So with the models self-feeding on momentum and the only bids around coming from Asia, this jungle echoes to the roars of Terminator vs Predator, leaving TMM, like the other humans, running for cover in fear of that nuclear self destruct button being pressed.

Posted by Polemic at 11:03 AM  

17 comments:

Italian bond yields are now higher than they were in mid-July when things were supposed to completely fall apart.

The spread between Italian and German bonds is now at a far higher level than in July, pushing towards 4%.

There was no "they weren't absolute suicidal retards afterall" relief rally.

Thoughts?

Anonymous said...
12:10 PM  

'Confused from Cheltenham' say's about time old son.You've a long history here of being macro and the whole good at it,but if you don't mind me saying so you've been sucked in this summer by the noise and not really seen the overall shape of events developing.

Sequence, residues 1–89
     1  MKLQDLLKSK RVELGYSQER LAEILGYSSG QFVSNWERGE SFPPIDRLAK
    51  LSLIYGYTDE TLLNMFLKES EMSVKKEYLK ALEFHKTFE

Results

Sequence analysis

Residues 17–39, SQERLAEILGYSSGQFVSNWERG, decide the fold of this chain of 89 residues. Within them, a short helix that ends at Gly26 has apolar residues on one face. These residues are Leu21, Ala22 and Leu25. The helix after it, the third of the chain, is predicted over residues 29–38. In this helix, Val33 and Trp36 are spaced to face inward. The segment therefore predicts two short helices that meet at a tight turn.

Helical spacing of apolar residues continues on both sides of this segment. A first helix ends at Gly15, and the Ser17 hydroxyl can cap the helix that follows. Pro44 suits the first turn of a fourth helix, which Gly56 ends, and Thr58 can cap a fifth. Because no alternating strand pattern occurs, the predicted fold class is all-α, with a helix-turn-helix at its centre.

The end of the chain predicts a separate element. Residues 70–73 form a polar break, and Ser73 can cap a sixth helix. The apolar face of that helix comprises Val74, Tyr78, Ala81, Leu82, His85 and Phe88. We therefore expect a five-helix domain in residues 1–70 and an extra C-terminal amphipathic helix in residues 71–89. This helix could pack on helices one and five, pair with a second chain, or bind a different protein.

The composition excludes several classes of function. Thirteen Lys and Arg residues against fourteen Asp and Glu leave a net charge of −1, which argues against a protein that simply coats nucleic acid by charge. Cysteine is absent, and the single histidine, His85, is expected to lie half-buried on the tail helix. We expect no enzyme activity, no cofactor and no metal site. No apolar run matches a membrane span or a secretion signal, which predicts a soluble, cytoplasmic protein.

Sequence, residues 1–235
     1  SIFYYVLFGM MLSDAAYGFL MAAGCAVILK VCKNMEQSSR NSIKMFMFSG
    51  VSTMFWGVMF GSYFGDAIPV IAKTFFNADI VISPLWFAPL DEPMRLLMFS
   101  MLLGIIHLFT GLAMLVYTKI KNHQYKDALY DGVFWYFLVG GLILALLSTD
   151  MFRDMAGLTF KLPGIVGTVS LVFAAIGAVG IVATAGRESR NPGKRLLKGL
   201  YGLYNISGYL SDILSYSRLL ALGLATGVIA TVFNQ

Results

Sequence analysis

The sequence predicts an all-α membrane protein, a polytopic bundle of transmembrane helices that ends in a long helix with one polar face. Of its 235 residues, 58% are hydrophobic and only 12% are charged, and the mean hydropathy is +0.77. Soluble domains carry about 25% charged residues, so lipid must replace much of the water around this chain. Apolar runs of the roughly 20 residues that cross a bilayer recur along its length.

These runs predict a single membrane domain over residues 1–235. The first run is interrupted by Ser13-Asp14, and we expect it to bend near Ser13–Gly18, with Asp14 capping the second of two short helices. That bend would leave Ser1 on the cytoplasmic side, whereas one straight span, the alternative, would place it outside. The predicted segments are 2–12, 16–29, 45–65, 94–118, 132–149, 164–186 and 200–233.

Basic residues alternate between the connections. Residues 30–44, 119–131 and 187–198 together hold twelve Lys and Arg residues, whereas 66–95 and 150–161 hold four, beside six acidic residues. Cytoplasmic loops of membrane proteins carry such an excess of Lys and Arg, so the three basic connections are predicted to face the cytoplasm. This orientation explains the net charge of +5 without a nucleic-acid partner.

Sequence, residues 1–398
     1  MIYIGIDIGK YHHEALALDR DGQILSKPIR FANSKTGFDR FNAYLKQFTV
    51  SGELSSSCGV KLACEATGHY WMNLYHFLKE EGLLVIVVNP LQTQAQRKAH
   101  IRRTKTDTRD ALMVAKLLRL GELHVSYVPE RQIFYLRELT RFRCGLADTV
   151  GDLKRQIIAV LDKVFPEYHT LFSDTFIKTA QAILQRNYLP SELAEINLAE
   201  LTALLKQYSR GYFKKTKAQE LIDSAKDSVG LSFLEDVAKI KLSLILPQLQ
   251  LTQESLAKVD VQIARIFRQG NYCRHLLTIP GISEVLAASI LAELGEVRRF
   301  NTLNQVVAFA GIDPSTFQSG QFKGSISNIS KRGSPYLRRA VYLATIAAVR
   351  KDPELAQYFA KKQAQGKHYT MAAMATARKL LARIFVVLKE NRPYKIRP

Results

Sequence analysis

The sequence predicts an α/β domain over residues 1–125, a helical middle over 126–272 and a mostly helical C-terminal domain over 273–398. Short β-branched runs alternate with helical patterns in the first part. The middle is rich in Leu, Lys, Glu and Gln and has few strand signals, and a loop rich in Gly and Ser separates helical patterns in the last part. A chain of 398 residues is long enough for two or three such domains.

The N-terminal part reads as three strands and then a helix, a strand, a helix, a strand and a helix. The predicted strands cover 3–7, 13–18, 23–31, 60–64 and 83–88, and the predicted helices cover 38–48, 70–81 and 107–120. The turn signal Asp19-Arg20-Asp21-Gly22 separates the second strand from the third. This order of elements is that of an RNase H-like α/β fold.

Anonymous said...
12:59 PM  

Actually, it is now the endgame and we've foolishly sacrificed a rook and a bishop with nothing to show for it. We need an Economic Abe Lincoln, just as we did in the Civil War. And not just in the US. Germany has led the way with their balanced budget amendment. Boom times will be less boomier and bad times less hang doggy if we all just spend what we kill. It will be damned hard getting there though. But it has to happen.

1:25 PM  

Most people I know have been completely mullered this summer.
This satan sandwich denbt deal sucks, just got a notch closer to Japan

Nic said...
1:48 PM  

An oldie but a goodie:


Panic on the FTSE
Panic on the Nikkei 225
I wonder to myself
Could we ever see a gain again?
Square mile pub stool you just sit down
I wonder to myself
Hopes may rise on a bailout
But can it stop the stock rout?
So you run on
To the safety of the bonds
But there's panic on the floors of Wall Street
Hang Seng, Bombay, Shanghai
I wonder to myself

Burn down Bernanke
Hang the blessed maestro
Because the nonsense they constantly say
I does nothing to help improve my life
Hang the blessed maestro
Because the nonsense they constantly say

As the ARMs reset they just mark down
Unpaid interest compounds
Hang the maestro hang the maestro hang the maestro
Hang the maestro, hang the maestro…

Max said...
1:49 PM  

Not sure I really agree, Captain Mainwaring. I still think we are range bound and here we are approaching the bottom of the SPX 1250-1350 range.